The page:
Is there a larger purpose to the Chinese government’s recent actions against the country’s largest corporations, and does its clean-up of the financial sector fit into its economic strategy?

China has sought for at least 15 years to rebalance its growth from exports and fixed-asset investment to greater domestic consumption — efforts that have assumed a new urgency, owing to conflicts with the US and other countries. As long as its domestic market expands, China will be able to reduce the strategic vulnerabilities its dependence on exports implies, and foreign firms will become more dependent on the Chinese market, giving China new sources of strategic leverage. But there are serious impediments to this strategy.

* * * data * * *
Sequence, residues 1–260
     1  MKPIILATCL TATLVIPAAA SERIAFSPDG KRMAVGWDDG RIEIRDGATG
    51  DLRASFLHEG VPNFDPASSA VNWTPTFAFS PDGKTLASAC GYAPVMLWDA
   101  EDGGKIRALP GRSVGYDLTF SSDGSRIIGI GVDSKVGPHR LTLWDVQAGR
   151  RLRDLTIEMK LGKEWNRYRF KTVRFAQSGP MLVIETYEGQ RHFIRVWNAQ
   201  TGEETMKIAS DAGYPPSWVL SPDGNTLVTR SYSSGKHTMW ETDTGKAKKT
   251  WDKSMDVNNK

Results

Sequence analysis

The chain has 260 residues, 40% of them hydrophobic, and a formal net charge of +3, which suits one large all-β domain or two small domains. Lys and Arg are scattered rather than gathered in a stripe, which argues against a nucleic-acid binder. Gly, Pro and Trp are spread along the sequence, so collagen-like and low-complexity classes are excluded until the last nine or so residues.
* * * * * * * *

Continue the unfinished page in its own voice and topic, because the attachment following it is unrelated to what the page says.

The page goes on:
For Chinese domestic consumption to increase, both wages and household incomes from invested savings must grow. And for that to happen, China must depart from a growth model that has hitherto relied on significant repression to keep workers’ wages and returns paid to savers low. That means moving towards higher-skill industries that pay workers more, with investment intermediated by a sophisticated financial sector that can generate reasonable returns even without access to cheap capital.

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